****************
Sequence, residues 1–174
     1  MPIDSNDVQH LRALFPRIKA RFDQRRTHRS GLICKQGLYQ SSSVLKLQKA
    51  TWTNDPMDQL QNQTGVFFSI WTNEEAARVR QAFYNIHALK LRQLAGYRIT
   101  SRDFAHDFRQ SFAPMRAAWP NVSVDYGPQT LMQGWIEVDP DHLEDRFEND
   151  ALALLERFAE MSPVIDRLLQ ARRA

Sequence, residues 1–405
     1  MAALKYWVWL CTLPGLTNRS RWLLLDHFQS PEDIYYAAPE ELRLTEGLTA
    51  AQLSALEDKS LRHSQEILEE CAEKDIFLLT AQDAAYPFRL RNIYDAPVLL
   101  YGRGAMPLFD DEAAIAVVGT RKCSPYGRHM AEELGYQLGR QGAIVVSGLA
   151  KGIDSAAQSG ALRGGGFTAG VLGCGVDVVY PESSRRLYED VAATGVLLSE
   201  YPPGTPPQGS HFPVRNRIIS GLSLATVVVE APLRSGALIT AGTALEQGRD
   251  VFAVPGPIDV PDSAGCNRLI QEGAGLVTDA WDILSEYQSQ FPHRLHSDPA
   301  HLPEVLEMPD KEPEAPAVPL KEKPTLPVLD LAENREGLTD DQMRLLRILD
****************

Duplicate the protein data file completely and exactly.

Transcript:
Sequence, residues 1–174
     1  MPIDSNDVQH LRALFPRIKA RFDQRRTHRS GLICKQGLYQ SSSVLKLQKA
    51  TWTNDPMDQL QNQTGVFFSI WTNEEAARVR QAFYNIHALK LRQLAGYRIT
   101  SRDFAHDFRQ SFAPMRAAWP NVSVDYGPQT LMQGWIEVDP DHLEDRFEND
   151  ALALLERFAE MSPVIDRLLQ ARRA

Sequence, residues 1–405
     1  MAALKYWVWL CTLPGLTNRS RWLLLDHFQS PEDIYYAAPE ELRLTEGLTA
    51  AQLSALEDKS LRHSQEILEE CAEKDIFLLT AQDAAYPFRL RNIYDAPVLL
   101  YGRGAMPLFD DEAAIAVVGT RKCSPYGRHM AEELGYQLGR QGAIVVSGLA
   151  KGIDSAAQSG ALRGGGFTAG VLGCGVDVVY PESSRRLYED VAATGVLLSE
   201  YPPGTPPQGS HFPVRNRIIS GLSLATVVVE APLRSGALIT AGTALEQGRD
   251  VFAVPGPIDV PDSAGCNRLI QEGAGLVTDA WDILSEYQSQ FPHRLHSDPA
   301  HLPEVLEMPD KEPEAPAVPL KEKPTLPVLD LAENREGLTD DQMRLLRILD